mitch mcconnell 1-2-21 ap congress.jpeg

FILE - In this Tuesday, Dec. 15, 2020, file photo, Senate Majority Leader Mitch McConnell, of Kentucky, speaks during a news conference with other Senate Republicans on Capitol Hill in Washington, while Sen. John Barrasso, R-Wyoming, listens at left. Congress is preparing to convene for a new session with lawmakers sworn into office during a tumultuous period. Opening the Senate could be among Mitch McConnell’s final acts at majority leader. Republican control is in question until Tuesday’s runoff elections for two Senate seats in Georgia. The outcome will determine which party holds the chamber. (Nicholas Kamm/Pool Photo via AP, File)

LOUISVILLE, Ky. (WDRB) -- As Congress convened Wednesday to certify the results of the presidential election, Kentucky senator and Senate Majority Leader Mitch McConnell soundly shut down any hope of overturning Joe Biden's win.

On the House floor, McConnell said this is the most important vote he's ever cast.

President Donald Trump has railed for months against the voting process, insisting that local voting rules and wide-ranging conspiracy theories led to the election being stolen from him. McConnell took the chance Wednesday to unequivocally deny those claims.

Below is the full text of McConnell's comments to the Senate:

"We are debating a step that has never been taken in American history, whether Congress should overrule the voters, and overturn a presidential election. I've served 36 years in the Senate. This will be the most important vote I've ever cast."

"President Trump claims the election was stolen. The assertions range from specific local allegations to constitutional arguments to sweeping conspiracy theories. I supported the president's right to use the legal system. Dozens of lawsuits received hearings in courtrooms all across our country. But over and over, the courts rejected these claims, including all-star judges whom the president himself has nominated."

"Every election, we know, features some illegality and irregularity, and of course, that's unacceptable. I support strong state-led voting reforms. Last year's bizarre pandemic procedures must not become the new norm. But, my colleagues, nothing before us proves illegality anywhere near the massive scale, the massive scale that would have tipped the entire election. Nor can public doubt alone justify a radical break when the doubt itself was incited without any evidence."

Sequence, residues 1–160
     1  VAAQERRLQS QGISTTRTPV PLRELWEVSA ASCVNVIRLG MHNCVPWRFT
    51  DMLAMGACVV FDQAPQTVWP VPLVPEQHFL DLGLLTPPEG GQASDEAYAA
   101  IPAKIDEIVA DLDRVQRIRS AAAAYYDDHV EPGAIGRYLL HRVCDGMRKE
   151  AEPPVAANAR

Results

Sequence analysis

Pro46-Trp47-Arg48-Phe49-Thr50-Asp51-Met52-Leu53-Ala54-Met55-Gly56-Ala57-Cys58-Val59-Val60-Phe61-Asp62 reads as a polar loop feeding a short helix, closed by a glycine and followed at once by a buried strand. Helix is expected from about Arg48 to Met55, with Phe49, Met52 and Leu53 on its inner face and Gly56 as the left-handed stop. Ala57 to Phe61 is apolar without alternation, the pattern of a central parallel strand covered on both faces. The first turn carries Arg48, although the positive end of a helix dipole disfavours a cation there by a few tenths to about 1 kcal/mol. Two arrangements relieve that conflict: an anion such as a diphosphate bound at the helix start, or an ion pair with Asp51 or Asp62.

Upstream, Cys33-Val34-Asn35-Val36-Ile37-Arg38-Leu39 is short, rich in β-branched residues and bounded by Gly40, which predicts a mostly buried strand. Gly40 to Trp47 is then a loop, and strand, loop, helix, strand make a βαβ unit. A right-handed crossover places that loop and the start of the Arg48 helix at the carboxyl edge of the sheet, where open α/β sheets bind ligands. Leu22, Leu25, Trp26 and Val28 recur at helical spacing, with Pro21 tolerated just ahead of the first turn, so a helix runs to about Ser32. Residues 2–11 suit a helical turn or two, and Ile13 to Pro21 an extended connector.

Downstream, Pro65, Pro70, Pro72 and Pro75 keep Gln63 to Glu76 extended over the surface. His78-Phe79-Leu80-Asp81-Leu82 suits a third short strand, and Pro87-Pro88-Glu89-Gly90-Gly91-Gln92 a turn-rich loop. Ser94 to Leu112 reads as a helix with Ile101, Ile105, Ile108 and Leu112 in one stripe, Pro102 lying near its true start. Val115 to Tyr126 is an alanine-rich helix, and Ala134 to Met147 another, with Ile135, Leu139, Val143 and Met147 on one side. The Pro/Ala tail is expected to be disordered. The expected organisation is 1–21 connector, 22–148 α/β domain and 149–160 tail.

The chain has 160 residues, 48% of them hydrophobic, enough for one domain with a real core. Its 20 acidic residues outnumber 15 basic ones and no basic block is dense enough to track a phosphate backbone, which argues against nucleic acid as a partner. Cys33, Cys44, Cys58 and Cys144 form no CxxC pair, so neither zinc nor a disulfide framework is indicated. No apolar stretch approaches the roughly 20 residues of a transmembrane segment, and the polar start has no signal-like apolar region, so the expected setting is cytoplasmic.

"The Constitution gives us here in Congress a limited role. We cannot simply declare ourselves a national board of elections on steroids. The voters, the courts, and the states have all spoken. They've all spoken. If we overrule them, it would damage our republic forever."

"This election actually was not unusually close. Just in recent history, 1976, 2000, and 2004 were all closer than this one. The Electoral College margin is almost identical to what it was in 2016. If this election were overturned by mere allegations from the losing side, our democracy would enter a death spiral. We'd never see the whole nation accept an election again. Every 4 years would be a scramble for power at any cost. The Electoral College, which most of us on this side have been defending for years, would cease to exist, leaving many of our states with no real say at all in choosing a president. The effects would go even beyond the elections themselves."

"Self-government, my colleagues, requires a shared commitment to the truth, and a shared respect for the ground rules of our system. We cannot keep drifting apart into two separate tribes, with a separate set of facts and separate realities, with nothing in common except our hostility towards each other and mistrust for the few national institutions that we all still share."

Every time, every time, in the last 30 years that Democrats have lost a presidential race, they've tried a challenge just like this. After 2000, after 2004, after 2016. After 2004 a senator joined and forced the same debate, and believe it or not, Democrats like Harry Reid, Dick Durbin and Hillary Clinton praised them and applauded the stunt. Republicans condemned those baseless efforts back then, and we just spent four years condemning Democrats' shameful attacks on the validity of President Trump's own election."

So look, there can be no double standard. The media that is outraged today, spent 4 years aiding and abetting Democrats' attacks on our institutions after they lost. But we must not imitate and escalate what we repudiate. Our duty is to govern for the public good. The United States Senate has a higher calling than an endless spiral of partisan vengeance. Congress will either override the voters, overrule them, the voters, the states and the courts for the first time ever, or honor the peoples' decision; will either guarantee Democrats de-legitimizing efforts after 2016 become a permanent new routine for both sides, or declare that our nation deserves a lot better than this; will either hasten down a poisonous path where only winners of elections actually accept the results, or show we can still muster the patriotic courage that our forbears showed not only in victory but in defeat."

"The framers built the Senate to stop short-term passions from boiling over and melting the foundations of our Republic. So I believe protecting our constitutional order requires respecting the limits of our own power. It would be unfair and wrong to disenfranchise American voters and overrule the courts and the states on this extraordinarily thin basis. And I will not pretend such a vote would be a harmless protest gesture, while relying on others to do the right thing."

"I will vote to respect the peoples' decision and defend our system of government as we know it."

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